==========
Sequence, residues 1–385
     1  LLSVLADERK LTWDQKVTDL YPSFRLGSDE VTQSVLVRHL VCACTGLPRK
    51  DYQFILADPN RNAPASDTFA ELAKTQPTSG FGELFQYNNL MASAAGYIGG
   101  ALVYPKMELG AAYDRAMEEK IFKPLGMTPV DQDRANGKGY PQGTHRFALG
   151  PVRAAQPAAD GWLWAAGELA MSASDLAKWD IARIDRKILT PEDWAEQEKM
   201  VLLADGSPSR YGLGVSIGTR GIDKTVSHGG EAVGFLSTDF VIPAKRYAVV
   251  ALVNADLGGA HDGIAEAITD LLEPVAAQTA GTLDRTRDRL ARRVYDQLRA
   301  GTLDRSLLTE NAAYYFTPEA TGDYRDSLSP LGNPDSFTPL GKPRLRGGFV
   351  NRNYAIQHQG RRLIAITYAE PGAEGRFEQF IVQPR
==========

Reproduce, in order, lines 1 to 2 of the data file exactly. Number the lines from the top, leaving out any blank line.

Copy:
Sequence, residues 1–385
     1  LLSVLADERK LTWDQKVTDL YPSFRLGSDE VTQSVLVRHL VCACTGLPRK